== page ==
Seeing Guernica at the Reina Sofia in Madrid made me think differently about the power of art to create cultural touchstones. The painting was constantly surrounded by a crowd about 50, almost all of them Spaniards. People would look on in respectful silence for a few minutes and then move on. They already knew what the painting meant because their parents and grandparents had lived through those terrible times. It was if they weren’t looking in order to understand the painting but instead were using it as a reminder of what can happen when we lose our capacity for empathy. I think that this kind of secular worship gives a culture a moral foundation that surpasses any flag waving or anthem singing.
Picasso, Guernica

Some people love to travel and find local artists, then bring home art as a lovely souvenir of their trip. Souvenir in French means to remember, and what better memory of a trip could there be than an artist’s vision and your remembrance of meeting the artist?
Caroline wrote:
Sometimes you can find the most beautiful things where you don’t expect them. So my best art experience isn’t a famous one. When visiting The Forbidden City I encountered a local artist who spent his days painting there. I was struck by a painting of a detail of a gate, a handle shaped like a dragon head. I ended up buying it. 
I don’t travel much unfortunately but whenever I travel and something catches my attention I buy it. On a trip to Wales I bought a lithography which depicts the local beach, by coincidence the one I visited, covered in snow. The first snow that part of Wales had seen in years. They’re better memories than pictures to me.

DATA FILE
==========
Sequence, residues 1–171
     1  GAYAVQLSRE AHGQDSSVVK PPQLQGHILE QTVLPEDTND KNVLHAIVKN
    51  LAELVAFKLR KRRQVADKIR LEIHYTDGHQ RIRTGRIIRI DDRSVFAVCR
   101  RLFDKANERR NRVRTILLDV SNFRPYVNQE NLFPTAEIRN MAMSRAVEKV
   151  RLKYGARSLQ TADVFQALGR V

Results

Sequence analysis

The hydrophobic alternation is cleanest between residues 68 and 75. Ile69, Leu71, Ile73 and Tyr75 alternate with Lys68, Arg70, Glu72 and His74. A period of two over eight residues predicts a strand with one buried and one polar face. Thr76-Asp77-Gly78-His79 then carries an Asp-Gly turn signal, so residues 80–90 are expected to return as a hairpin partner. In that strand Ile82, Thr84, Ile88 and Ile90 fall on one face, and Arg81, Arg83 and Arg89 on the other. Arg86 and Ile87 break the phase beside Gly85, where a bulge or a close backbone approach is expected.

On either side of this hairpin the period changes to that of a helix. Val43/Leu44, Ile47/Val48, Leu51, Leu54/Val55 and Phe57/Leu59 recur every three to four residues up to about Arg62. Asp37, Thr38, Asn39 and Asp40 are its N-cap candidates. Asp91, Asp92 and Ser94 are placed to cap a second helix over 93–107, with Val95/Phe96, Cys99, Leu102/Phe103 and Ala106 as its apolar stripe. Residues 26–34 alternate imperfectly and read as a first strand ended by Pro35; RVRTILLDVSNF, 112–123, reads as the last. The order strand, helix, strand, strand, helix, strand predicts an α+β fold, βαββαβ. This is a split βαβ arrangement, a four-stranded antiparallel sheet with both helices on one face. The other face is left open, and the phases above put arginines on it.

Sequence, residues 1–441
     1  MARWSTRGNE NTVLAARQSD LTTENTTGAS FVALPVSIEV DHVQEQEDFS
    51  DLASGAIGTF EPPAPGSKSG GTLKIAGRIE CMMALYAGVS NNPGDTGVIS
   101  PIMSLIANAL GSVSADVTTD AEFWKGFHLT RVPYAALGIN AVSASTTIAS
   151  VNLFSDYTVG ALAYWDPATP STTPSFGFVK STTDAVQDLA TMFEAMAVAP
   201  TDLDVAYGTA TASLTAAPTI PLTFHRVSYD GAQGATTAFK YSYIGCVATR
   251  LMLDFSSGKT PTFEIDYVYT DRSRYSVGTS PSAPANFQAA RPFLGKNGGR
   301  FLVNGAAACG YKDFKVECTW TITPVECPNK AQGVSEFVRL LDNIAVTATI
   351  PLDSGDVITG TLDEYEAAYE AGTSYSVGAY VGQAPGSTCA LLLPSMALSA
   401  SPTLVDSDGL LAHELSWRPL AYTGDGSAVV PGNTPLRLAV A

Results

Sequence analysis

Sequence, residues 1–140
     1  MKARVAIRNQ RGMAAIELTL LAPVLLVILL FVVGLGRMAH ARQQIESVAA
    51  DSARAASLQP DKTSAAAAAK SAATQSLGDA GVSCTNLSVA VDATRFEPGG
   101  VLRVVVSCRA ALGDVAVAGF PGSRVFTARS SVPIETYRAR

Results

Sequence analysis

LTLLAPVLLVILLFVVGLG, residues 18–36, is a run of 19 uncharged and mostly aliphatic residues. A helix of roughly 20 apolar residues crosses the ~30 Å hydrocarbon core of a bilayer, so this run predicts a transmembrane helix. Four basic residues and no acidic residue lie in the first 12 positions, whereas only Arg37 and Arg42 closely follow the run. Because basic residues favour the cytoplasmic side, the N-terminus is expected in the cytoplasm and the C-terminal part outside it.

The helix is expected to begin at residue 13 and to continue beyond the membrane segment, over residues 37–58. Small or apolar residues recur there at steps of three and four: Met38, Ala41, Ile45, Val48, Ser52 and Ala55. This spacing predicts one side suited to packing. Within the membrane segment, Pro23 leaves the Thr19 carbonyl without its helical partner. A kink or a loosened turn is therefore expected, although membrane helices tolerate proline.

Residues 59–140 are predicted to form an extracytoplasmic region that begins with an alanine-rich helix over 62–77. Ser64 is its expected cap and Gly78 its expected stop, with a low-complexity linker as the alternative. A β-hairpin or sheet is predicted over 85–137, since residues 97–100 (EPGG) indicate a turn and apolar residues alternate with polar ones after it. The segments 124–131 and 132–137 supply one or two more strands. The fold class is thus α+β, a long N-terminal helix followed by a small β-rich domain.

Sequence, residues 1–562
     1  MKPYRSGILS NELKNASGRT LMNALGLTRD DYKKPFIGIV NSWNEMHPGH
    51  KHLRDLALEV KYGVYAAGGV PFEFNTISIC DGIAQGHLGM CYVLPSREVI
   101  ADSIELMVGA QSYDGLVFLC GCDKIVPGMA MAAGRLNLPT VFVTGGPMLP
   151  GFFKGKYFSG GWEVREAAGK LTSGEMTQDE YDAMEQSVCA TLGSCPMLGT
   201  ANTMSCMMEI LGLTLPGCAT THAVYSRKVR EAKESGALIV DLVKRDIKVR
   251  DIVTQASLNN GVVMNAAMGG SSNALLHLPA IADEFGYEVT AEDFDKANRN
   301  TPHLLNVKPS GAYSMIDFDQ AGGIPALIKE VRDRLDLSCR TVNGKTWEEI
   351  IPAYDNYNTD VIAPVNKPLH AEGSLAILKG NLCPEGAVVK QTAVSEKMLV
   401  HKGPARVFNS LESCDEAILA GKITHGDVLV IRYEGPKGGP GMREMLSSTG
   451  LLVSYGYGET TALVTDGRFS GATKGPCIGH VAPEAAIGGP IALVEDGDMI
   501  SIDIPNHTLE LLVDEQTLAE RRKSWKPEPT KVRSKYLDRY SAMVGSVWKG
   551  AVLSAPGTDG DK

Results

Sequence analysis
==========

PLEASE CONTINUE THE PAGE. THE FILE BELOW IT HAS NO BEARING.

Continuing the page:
Liz wrote:
Oh this is easy ;). While traveling in Italy years ago I found out there was a little gallery in Vernazza. We ventured upon it after hiking the Cinque Terre and found the owner to be a most charming gentleman. To this day, the paintings that I purchased from him are my favorite reminders of his gorgeous little town and our trip to Italy with our kids years ago. Those are the paintings that I would retrieve first if God forbid my house was burning!

Others found inspiration closer to home, back here in North America.
James wrote:
When I was on duty in Ranklin Inlet in 1983 as a peace officer, I watched Adam Totalik sculpt soapstone carvings. I realize now I should have bought a sculpture but hesitated at the time because they were $90 apiece!
I also remember watching a group of 10-12 men sculpting wood figurines (elephants, giraffes, zebras) for 45 minutes while in Namibia, Africa. They were quietly focussed, occasionally sharing a joke he didn’t understand. I enjoyed the energy of their purposeful work and watching the sculptures take shape.
Eiko wrote:
In 1961, when I first came to the US from Japan, I saw a Thai art exhibit in the Seattle Museum of Art. It was not the exhibit that was significant but who I met. I was introduced to another woman, who was going to go to the same school with her and we hit it off right away. Marion and I fast became best friends and were roommates at Yale School of Design.
Marianne P. wrote:
I have had so many unforgettable art experiences abroad but the one that comes immediately to mind is one I had close to home in Victoria at the Gallery there. I found myself completely alone in the little room devoted to Emily Carr. As I looked at her work and read the information I found myself in a complete state of emotional overwhelm. I was grateful to be alone as if anyone had peered in they would have observed me with tears streaming down my face. I suddenly had this deep feeling of understanding. That’s really the only way I can describe the experience. It was so profound. Oddly enough, when I was much younger I was always very uncomfortable around her work as it evoked a feeling of fear and dread in me. Now 35 years later I feel a quiet sense of wonder.

Emily Carr, Dream Picture
Thank you for sharing these lovely and thoughtful answers. From a random draw, the winner is Amy, congratulations.